The deal to sell Bauer Media Australia and New Zealand was made at 3.30am Wednesday morning. Chief executive of Bauer Media ANZ Brendon Hill and his management will be staying on under the new owners Mercury Capital.
Hill managed to get a couple of hours sleep before he fronted staff to confirm the transaction at 10am this morning via an all-staff Zoom call.
Hill told Mediaweek he expects after regulatory approval is granted the transaction should close in about four weeks.
Mercury Capital has been persistent with its pursuit of the media business. It claim close to a transaction last year, but held off until the Pacific Magazines $40m acquisition was completed.
Hill wasn’t able to discuss the price, but if it was close to the speculated $50m for all the brands in both countries, it was a bargain. Bauer Media bought the ACP Magazines business for $525m eight years ago without the Pacific titles.
Mercury weren’t the only potential buyers with at least one group of off-shore investors getting serious last year too. “We have talked to anyone who was seriously interested and gone through the process with them,” Hill told Mediaweek. “Mercury seemed like a really good fit for us with the calibre of its management team. Bauer Media was very keen to make sure the brands went to a company that could provide the support needed to make sure they flourished.”
New Zealand-born Hill said the Kiwi connection was of some comfort. “There are a few Kiwis there. But a lot of Australians too, particularly at the Mercury business in Sydney.”
Hill and his staff have been through a lot over the past couple of years navigating a troubled sector with an owner that wanted to exit the country.
“I am really looking forward to working under the new owners, especially on the innovation and diversification programs we have been working on. Mercury will bring a lot to the table in that regard.”
It was too early to talk about further investment in the existing brands, said Hill. “In the next few months Mercury will have some workshop sessions with our leadership team to further understand the business. From that we will refine the strategy and go from there.”
There is no immediate plan for a business name. “But we will need a new one,” stressed Hill. “It might be a minor thing. But with Bauer and Pacific coming together its needs a fresh start so it will be great to come up with a new name, a new narrative and a new approach.”
Exiting New Zealand
When asked about the Bauer Media decision to close down and quickly exit the New Zealand market this year, Hill said: “For me it was difficult personally.” Hill worked in the New Zealand business as publisher and then managing director for seven years before returning to Australia to take over as CEO 12 months ago.
“I had a lot of good friends at the New Zealand business and it had a great group of people working there. However we were the only product in supermarkets that was banned from being produced, even though our printers and distributors were operating. The cash flow impact was very severe, and we didn’t know how long the ad market was going to be down because of COVID.”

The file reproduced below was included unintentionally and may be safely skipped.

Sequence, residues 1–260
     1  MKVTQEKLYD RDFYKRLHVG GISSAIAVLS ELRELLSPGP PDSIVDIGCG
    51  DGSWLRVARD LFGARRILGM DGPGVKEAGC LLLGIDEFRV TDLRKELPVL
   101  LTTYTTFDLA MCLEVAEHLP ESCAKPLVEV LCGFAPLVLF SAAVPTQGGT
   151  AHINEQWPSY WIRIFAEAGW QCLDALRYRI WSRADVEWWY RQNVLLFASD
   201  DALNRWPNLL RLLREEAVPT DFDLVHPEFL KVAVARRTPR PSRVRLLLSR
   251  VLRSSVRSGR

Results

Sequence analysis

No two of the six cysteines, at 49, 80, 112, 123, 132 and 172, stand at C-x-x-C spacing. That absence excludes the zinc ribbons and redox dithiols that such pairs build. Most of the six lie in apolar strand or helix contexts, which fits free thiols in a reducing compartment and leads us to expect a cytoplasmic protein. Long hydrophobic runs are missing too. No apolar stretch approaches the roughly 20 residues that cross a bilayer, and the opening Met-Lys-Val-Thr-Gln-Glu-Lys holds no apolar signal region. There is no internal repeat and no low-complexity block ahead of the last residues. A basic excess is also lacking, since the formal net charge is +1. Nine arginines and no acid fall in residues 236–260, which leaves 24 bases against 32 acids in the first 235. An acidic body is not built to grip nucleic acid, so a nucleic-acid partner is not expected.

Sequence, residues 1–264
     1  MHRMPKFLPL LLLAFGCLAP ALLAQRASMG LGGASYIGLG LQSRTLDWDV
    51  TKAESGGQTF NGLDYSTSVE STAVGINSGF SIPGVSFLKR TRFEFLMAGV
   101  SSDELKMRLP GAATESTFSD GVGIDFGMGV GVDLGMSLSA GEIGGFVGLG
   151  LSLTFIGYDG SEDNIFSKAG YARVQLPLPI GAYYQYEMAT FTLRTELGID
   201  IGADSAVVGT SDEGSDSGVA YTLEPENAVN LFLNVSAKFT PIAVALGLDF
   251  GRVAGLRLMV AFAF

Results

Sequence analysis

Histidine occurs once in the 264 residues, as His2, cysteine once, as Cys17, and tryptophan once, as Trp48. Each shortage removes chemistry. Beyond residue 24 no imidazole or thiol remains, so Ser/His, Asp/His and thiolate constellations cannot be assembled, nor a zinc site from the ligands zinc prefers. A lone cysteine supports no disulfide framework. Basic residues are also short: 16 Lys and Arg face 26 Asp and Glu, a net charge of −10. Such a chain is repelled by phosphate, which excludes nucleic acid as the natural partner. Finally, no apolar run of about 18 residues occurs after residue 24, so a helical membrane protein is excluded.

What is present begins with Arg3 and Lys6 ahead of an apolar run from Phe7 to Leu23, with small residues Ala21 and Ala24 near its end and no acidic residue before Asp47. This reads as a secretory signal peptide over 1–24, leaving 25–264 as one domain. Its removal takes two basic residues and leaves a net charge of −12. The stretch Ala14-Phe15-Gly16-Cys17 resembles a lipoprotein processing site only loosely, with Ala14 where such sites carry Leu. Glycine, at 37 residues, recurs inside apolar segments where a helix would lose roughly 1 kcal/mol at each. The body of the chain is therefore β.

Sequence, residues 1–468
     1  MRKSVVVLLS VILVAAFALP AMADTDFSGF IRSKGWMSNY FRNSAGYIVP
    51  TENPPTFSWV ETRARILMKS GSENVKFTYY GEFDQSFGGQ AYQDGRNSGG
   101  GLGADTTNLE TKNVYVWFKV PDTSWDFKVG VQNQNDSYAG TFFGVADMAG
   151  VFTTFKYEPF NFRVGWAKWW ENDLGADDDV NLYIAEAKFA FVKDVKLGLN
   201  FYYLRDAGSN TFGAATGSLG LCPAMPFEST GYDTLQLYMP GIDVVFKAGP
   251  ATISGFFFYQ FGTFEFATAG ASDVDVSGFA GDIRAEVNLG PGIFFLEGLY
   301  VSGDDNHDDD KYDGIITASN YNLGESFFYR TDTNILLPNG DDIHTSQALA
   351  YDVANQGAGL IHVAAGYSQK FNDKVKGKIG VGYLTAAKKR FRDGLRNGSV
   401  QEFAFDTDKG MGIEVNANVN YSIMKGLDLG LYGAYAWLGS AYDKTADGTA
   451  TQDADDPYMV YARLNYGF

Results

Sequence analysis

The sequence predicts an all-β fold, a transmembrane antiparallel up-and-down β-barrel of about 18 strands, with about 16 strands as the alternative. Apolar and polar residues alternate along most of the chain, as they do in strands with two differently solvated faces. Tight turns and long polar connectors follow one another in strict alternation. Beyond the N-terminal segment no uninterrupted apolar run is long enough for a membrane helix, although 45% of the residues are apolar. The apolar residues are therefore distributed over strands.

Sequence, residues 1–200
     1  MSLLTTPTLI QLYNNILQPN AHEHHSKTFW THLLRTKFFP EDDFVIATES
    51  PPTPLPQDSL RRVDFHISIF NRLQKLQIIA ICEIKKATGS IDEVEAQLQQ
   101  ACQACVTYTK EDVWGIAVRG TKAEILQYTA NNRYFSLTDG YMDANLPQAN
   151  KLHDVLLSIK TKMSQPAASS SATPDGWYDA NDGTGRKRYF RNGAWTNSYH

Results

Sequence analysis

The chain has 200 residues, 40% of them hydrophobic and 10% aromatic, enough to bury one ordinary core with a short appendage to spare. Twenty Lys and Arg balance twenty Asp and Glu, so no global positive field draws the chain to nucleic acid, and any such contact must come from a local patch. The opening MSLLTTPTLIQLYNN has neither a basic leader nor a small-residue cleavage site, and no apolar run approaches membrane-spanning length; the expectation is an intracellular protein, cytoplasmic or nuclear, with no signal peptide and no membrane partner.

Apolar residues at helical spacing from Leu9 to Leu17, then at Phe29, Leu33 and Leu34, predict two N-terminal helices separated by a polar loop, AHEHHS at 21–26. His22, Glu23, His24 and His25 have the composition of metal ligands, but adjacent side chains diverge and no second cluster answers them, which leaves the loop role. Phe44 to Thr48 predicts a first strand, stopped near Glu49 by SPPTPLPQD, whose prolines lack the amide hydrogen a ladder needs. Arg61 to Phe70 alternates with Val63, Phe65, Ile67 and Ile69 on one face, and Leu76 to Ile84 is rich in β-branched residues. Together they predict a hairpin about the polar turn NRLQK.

Hill said the Bauer family did the right thing to close the business properly. “All staff got paid out and all creditors are getting paid out and Mercury can now sell those assets to new owners if it wishes. I am very confident those titles will be back in some form.”
Bauer Australia is still publishing New Zealand editions of the big five titles – Woman’s Day, New Zealand Women’s Weekly, Lucky Break New Zealand, New Idea and That’s Life!
There has been an active sale process underway for the other titles in New Zealand with what Hill called “a lot of interest”. That will be a decision Mercury will now make the call on.
How long will Mercury hold its magazines?
Private equity owners get in, work on the assets, and then get out. Hill has yet to hear about Mercury Capital’s long term plans. “From what I know about the company they do tend to hold companies for a long time as an investment as opposed to the traditional PE model.”
Magazine sector resurrection
“With all the major titles now in one place we can do a better job of marketing ourselves,” Hill told Mediaweek. “We are about to launch a ‘Why magazines’ campaign. That’s something that hasn’t been done for a long time and we can start conversations about the medium in general.”
Hill said it was his intention to work with the current portfolio of brands as it stands. “However if consumers change their tastes and want to stop buying a particular product, which happens often for FMCG items, the company would look to close it down and start a new brand. We have to act like that too, even when it is tough if a brand has a long legacy. We need to make sure brands are profitable and consumers really want them.”
Hill named of a number of new products the company has launched, but have found challenging to get attention in the media. “People still want to talk about the closure of Cleo. It needed to change and we tried to, but sometimes you just need to move on.”
Suspended titles Harper’s Bazaar, Elle, InStyle and others
“We are still aiming to return those titles in September or October. The ad team are actively selling those issues in market and there has been some good support in recent weeks from the luxury sector which is pleasing to see. As soon as the advertising returns so will the magazines. It has been very hard on the staff of those titles that they are not being published at the moment.”
Newsagent and supermarket activity
Despite the closure of many outlets including railway and airport newsstands, Hill indicated there had been strong demand elsewhere for the group’s titles. “It has been outstanding the stability of some titles through the crisis. The hard thing for us at retail was obviously outlets where people travel. We are lucky to have a high percentage of newsagent and supermarket sales. Subscriptions have also been very strong too.”